01. Yang’s Place: On-brand menu that’s easy to access
Chinese restaurant Yang’s Place’s website is fully branded with its logo appearing on the first fold, on the website’s header, and again in its fullscreen menu. The logo on the header stays fixed throughout all of the different pages, leading visitors back to the homepage–a great practice for improving user experience.
This menu is accessible from both in form of a hamburger menu (which opens into a fullscreen, and a geometrical website layout of photographs and text boxes on the homepage, created using the Wix Pro Gallery.
02. William LaChance: An animated long scroll menu
While there is a classic sidebar menu on this artist’s portfolio, there’s also an additional one made up of images and video boxes that glide into view as we scroll down the page. This menu utilizes website animations and bright, vivid colors to grab visitors’ attention.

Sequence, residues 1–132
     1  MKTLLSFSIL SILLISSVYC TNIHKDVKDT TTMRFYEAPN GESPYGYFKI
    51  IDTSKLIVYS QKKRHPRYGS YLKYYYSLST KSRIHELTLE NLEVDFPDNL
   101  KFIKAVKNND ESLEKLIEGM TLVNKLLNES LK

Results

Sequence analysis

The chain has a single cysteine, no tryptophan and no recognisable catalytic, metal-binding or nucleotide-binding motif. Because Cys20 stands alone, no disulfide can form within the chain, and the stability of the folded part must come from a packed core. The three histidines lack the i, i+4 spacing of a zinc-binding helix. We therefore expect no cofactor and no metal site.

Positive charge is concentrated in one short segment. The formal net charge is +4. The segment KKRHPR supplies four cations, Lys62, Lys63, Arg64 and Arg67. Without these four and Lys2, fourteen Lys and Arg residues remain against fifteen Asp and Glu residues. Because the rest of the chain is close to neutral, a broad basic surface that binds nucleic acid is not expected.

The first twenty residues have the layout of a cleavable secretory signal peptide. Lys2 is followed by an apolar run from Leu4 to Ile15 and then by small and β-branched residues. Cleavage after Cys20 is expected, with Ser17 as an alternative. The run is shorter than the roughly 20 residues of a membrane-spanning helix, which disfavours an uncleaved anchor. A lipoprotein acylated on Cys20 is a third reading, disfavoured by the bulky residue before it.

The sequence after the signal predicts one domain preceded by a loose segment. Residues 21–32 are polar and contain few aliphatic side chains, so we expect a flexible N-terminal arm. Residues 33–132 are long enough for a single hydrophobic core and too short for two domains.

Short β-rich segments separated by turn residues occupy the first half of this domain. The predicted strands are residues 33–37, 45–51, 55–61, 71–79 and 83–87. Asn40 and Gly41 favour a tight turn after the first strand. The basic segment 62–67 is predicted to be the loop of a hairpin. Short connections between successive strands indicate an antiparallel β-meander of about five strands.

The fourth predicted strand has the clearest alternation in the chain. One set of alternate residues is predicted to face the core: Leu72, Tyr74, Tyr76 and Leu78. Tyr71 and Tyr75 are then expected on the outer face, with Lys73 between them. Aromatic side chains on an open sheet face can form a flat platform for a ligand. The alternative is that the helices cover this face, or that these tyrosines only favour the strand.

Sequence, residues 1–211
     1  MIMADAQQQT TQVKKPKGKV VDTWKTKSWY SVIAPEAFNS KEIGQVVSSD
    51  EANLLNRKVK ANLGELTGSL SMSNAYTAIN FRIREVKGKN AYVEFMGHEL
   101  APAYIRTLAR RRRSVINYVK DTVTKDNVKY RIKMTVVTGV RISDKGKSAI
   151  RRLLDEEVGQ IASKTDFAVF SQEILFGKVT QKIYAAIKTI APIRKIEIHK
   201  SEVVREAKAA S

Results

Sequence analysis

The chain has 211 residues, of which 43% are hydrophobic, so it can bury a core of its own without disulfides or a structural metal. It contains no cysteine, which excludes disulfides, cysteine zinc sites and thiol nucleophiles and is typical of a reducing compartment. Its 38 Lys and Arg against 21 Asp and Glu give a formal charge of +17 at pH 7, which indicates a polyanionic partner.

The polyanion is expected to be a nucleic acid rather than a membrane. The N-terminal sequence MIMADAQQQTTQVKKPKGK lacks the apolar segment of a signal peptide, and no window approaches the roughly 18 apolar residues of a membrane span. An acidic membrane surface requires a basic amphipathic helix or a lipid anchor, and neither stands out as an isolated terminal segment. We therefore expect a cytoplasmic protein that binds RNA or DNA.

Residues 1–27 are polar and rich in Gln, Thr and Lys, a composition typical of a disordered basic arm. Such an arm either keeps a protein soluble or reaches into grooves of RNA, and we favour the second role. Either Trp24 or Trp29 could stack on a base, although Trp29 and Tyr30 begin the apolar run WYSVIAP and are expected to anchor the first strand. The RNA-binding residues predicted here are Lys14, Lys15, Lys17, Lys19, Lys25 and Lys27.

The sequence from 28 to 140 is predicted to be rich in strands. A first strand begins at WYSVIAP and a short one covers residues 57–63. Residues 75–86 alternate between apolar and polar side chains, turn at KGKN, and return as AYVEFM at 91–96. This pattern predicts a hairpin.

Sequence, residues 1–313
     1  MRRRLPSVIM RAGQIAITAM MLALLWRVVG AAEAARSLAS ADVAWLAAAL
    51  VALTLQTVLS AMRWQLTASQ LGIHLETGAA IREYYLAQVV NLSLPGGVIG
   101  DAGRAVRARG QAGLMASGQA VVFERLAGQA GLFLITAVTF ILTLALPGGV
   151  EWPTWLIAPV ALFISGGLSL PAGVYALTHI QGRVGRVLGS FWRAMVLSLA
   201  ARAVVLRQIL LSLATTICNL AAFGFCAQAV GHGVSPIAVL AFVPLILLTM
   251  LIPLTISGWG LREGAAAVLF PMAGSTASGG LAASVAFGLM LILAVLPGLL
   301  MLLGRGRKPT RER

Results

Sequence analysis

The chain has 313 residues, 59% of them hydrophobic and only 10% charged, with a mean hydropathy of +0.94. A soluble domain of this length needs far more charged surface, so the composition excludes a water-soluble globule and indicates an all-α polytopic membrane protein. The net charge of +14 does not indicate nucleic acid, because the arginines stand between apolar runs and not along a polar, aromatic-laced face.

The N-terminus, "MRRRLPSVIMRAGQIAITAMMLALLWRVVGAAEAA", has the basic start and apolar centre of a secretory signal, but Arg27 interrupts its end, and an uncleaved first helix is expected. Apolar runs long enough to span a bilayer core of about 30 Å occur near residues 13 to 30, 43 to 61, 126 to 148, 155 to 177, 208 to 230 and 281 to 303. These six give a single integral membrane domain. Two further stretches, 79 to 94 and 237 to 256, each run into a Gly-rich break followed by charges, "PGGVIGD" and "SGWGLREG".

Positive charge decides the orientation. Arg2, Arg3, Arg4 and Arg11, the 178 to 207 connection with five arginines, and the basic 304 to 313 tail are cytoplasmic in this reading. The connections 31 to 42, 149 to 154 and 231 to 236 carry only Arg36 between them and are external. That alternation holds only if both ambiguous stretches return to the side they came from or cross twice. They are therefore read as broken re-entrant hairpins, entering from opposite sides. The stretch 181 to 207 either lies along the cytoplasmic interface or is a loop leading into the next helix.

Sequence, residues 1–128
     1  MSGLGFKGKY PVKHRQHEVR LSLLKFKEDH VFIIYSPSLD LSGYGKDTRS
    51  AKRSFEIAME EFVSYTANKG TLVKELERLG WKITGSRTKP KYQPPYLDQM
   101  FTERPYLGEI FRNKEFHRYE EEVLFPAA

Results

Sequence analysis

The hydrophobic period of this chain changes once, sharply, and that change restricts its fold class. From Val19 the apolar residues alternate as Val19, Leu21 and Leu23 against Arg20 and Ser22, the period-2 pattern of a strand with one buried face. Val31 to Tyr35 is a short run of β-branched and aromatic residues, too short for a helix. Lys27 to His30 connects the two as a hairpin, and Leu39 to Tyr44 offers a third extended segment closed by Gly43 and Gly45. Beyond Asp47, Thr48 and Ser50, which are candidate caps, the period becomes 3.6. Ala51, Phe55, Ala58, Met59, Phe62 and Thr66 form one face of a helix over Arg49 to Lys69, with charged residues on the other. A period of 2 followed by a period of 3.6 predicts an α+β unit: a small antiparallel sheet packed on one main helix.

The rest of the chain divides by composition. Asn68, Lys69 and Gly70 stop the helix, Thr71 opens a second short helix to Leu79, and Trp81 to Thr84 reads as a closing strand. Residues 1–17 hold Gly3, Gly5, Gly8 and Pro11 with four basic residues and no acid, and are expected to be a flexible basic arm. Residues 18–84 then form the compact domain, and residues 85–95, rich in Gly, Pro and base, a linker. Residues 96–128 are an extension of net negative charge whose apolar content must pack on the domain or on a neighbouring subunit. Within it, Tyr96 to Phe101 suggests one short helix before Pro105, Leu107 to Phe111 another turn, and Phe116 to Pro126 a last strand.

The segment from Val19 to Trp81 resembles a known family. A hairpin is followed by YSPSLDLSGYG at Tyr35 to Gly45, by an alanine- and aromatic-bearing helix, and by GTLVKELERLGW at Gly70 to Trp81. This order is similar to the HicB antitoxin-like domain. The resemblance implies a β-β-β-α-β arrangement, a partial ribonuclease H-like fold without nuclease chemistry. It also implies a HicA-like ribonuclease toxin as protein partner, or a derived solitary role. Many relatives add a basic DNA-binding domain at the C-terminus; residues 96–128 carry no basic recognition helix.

This loud and colorful scroll complements the much simpler sidebar, allowing for an interactive browsing method alongside a more straightforward one. Unlike the animations, which are only on the homepage, the sidebar stays put on all of the website’s inner pages as well.
03. I Love Dust: A menu split up across all corners of the screen
This graphic design agency’s website puts on quite the welcoming show, with a fast-paced, fullscreen video that’s a showreel of the studio’s work. In contrast, the website menu remains simple and static, with a different menu item in each corner of the screen.
The split-up menu, a current web design trend, can be achieved by drop to the sides of your screen.
04. Calvin Pausania: A full screen menu that makes a statement
As an online portfolio, Calvin Pausania’s website launches into a dynamic, full screen video upon opening his site.
After clicking the “Enter” button on the homepage, six menu items appear front and center in big white letters. The particular use of this type of typography as well as the website menu placement on the screen is bold and captivating.